Apple is looking for clarification from the FCC as to exactly what applications will be included in its Text-to-911 initiative. Apple appears concerned about whether clients like its IP-based iMessaging application will be effected by the plan.
In a filing with the FCC, Apple suggested the commission make explicit that any proposed definition of covered applications includes only software that is "installed on a device that determines the user's location using technology that meets enhanced 911 requirements" and "independently enables the user to send text-based messages to and receive text-based messages from any valid North American Numbering Plan telephone number via the short message service protocol."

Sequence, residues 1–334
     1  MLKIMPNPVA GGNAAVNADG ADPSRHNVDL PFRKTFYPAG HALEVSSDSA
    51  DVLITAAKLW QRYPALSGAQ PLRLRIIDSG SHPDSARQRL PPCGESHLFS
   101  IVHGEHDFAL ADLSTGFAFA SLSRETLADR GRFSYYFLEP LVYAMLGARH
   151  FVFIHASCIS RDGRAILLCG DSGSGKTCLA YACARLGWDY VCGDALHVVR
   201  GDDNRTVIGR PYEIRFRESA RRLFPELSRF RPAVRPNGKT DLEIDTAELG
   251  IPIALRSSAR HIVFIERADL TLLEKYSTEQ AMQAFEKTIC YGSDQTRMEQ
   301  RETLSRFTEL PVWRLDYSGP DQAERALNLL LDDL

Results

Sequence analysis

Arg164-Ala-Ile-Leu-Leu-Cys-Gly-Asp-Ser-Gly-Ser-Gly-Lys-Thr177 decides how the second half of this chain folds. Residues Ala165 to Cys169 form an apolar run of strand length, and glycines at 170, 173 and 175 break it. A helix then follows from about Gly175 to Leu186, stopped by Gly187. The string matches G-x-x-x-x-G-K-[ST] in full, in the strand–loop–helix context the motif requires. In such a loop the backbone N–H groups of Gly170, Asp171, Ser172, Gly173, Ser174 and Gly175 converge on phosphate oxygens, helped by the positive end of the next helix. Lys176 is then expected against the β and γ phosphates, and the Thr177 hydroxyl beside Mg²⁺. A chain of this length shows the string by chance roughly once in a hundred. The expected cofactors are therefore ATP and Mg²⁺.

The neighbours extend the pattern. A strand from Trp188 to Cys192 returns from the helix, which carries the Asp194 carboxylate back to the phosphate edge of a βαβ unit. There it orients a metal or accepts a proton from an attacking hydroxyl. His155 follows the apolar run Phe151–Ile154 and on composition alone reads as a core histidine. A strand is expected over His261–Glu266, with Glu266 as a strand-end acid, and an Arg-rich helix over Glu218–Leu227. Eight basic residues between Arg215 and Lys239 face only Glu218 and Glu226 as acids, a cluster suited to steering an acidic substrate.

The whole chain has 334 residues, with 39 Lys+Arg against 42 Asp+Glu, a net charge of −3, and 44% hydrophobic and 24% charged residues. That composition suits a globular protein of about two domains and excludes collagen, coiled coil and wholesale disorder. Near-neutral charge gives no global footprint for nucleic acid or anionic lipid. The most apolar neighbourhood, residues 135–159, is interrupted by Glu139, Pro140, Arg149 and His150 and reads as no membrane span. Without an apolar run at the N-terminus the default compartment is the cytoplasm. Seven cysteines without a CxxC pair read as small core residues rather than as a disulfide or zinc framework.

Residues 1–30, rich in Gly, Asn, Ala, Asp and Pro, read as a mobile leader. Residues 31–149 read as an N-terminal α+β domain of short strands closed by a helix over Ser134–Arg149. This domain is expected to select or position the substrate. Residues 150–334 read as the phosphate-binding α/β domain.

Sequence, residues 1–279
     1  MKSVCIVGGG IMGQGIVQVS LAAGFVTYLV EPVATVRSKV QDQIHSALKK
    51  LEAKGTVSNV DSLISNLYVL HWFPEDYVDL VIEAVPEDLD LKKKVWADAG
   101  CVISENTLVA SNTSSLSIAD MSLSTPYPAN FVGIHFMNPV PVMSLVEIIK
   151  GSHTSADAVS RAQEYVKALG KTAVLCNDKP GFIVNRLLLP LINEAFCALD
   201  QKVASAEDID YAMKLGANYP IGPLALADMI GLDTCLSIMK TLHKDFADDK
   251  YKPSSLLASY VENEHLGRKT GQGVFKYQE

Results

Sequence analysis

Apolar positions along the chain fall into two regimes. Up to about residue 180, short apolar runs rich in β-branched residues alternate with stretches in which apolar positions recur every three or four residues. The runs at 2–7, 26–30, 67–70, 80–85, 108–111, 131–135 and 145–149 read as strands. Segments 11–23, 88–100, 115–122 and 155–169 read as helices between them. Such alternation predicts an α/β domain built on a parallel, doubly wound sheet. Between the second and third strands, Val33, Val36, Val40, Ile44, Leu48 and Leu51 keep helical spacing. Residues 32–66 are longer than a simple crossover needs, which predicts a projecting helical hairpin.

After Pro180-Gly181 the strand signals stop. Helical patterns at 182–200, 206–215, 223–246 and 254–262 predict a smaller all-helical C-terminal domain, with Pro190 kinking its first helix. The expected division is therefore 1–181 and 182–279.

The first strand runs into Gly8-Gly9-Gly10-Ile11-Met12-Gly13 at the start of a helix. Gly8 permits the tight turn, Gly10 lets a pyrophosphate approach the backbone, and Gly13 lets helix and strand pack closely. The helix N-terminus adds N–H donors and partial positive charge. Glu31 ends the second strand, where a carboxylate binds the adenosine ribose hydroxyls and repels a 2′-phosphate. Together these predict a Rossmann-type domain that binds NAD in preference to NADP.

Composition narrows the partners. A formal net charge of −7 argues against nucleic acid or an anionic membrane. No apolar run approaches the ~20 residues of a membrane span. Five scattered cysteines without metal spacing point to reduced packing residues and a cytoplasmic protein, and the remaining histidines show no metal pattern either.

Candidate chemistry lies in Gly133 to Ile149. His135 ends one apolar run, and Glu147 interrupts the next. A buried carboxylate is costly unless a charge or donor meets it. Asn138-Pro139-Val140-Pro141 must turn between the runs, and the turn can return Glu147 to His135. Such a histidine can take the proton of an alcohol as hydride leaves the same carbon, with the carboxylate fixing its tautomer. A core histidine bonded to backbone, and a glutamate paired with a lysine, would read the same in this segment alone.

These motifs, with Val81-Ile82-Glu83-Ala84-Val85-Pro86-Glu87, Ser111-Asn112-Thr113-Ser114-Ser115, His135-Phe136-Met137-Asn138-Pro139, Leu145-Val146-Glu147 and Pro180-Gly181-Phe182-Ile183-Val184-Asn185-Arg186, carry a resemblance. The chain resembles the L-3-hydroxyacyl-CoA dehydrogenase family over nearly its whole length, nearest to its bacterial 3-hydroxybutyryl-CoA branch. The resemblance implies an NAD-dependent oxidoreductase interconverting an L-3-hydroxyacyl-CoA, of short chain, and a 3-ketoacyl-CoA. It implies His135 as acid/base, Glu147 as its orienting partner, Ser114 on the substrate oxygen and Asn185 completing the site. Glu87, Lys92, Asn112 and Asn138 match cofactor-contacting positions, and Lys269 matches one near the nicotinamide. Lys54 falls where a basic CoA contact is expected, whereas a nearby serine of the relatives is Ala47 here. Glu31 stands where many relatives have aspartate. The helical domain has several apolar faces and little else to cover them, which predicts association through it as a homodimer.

All four major U.S. carriers have agreed to accelerate the availability of text-to-911, with major deployments expected in 2013 and a commitment to nationwide availability by May 15, 2014.
The FCC says text-to-911 will be a complement to, not a substitute for, voice calls to 911 services.
Because a text-based 911 option will rollout in phases, the carriers will also deploy an automatic “bounce back” text message to notify consumers if their attempt to reach 911 via text message was unsuccessful because the service is not yet available in their area. Such a message would instruct the recipient to make a voice call to a 911 center.
AT&T, Sprint, T-Mobile and Verizon Wireless have agreed to fully implement this “bounce back” capability across their networks by June 30, 2013.